The International Energy Agency, the western countries’ oil watchdog, said on Friday that last month Iraq produced more than 3m barrels a day, the highest since the US-led invasion nearly a decade ago. At the same time, Iranian oil output fell below the 3m b/d level for the first time in more than 20 years, dropping to 2.9m b/d in July. Saudi Arabia, which pumped 10m b/d in July, remains Opec’s largest oil producer.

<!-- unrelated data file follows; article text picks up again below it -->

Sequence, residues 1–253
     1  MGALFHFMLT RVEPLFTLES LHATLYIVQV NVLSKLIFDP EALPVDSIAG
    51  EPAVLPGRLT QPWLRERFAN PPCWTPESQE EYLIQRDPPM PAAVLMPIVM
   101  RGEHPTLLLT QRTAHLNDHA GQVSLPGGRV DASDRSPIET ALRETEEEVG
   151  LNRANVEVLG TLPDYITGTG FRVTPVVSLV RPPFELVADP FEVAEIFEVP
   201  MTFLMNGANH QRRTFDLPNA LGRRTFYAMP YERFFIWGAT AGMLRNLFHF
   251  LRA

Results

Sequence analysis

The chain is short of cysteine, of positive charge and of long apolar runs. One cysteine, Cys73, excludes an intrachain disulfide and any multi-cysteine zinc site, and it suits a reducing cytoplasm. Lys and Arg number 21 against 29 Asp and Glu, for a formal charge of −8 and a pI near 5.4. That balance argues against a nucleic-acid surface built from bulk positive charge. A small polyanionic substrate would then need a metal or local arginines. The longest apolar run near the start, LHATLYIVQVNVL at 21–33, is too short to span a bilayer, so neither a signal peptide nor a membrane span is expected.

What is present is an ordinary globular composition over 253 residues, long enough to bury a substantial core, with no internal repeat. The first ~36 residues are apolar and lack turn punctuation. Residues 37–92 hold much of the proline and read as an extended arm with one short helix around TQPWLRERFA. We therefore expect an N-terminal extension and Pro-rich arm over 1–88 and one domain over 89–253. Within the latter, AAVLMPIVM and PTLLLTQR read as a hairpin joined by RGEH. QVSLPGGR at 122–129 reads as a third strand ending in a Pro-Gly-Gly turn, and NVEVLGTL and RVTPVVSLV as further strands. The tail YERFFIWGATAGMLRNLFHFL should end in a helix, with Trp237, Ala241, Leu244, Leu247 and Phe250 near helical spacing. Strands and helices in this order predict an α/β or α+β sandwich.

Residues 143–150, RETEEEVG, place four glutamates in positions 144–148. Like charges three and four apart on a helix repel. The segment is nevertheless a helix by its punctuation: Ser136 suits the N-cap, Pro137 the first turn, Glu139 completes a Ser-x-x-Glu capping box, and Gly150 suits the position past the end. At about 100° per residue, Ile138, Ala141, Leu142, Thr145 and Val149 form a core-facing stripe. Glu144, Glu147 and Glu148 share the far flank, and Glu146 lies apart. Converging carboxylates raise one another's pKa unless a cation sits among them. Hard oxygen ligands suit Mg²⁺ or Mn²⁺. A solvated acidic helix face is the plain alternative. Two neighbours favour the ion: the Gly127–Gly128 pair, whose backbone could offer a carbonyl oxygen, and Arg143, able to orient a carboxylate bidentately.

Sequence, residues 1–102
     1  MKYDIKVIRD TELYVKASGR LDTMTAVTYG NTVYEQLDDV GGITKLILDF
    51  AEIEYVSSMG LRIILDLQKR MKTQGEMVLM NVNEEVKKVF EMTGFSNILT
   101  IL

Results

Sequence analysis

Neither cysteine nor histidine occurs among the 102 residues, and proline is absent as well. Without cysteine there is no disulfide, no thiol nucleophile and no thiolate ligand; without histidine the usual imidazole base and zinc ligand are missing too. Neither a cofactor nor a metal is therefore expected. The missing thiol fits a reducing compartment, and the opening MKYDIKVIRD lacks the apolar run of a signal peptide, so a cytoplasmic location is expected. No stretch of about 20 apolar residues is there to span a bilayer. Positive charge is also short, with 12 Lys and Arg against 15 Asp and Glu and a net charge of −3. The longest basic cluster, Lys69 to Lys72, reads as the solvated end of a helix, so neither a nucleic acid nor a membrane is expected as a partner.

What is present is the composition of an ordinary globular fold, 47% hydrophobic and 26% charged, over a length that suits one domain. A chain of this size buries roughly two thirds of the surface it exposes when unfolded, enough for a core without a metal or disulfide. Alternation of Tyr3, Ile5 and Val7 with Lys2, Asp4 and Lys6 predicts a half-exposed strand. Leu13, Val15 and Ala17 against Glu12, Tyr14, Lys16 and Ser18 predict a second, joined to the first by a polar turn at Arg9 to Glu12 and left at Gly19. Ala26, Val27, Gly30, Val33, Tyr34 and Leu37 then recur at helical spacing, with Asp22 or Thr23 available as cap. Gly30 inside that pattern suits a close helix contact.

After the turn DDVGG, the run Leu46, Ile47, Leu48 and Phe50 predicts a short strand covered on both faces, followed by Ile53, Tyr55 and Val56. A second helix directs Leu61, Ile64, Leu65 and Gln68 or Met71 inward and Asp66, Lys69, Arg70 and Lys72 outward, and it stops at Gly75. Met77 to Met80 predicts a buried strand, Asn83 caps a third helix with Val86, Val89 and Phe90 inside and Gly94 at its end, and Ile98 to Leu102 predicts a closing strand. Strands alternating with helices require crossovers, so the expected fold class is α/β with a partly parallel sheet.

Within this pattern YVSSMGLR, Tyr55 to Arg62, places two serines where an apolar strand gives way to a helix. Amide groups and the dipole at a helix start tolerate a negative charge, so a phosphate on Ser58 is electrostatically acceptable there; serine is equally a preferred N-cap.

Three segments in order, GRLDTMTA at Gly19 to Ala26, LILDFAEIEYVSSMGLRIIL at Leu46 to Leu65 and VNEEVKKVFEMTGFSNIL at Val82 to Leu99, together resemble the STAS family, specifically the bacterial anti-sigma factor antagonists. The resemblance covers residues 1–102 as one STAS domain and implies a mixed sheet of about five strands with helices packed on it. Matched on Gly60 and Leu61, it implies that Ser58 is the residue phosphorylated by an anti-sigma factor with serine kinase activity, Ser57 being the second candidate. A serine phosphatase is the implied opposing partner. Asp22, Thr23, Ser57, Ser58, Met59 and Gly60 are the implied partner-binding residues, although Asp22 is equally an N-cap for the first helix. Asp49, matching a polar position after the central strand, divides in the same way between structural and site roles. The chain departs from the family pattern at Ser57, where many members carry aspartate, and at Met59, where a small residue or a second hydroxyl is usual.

It’s not just oil production. GDP growth is also explosive, growing at 9.9 percent in 2011, which beats China and is one of the fastest growth rates in the world.But violence is also on the rise. There are assassinations, kidnappings, and bombings somewhere in Iraq almost every day. Prime Minister Maliki, ignoring his own promises to share power with other political groups, has instead arrested and intimidated his rivals. “Corruption is rampant,” writes Kevin Sullivan in a long analysis in the FT, “and people complain that bribery is the only way to get a job, a building permit or a government contract.”Has anything changed for the better after the invasion and withdrawal of American troops, and without the hated Saddam? New folks are in the seats of power in Baghdad, and there are many Iraqis who have seized the chance for a new beginning to become financially successful international businessmen and women. But many others feel nothing has changed, or even that things are worse. Electricity is scarce. Jobs are rare. Violence is a constant fear.Yet many Iraqis think the only way the country can go is up. With the oil flowing freely once again, many hope that money, jobs, electricity, and other services will begin to flow freely too.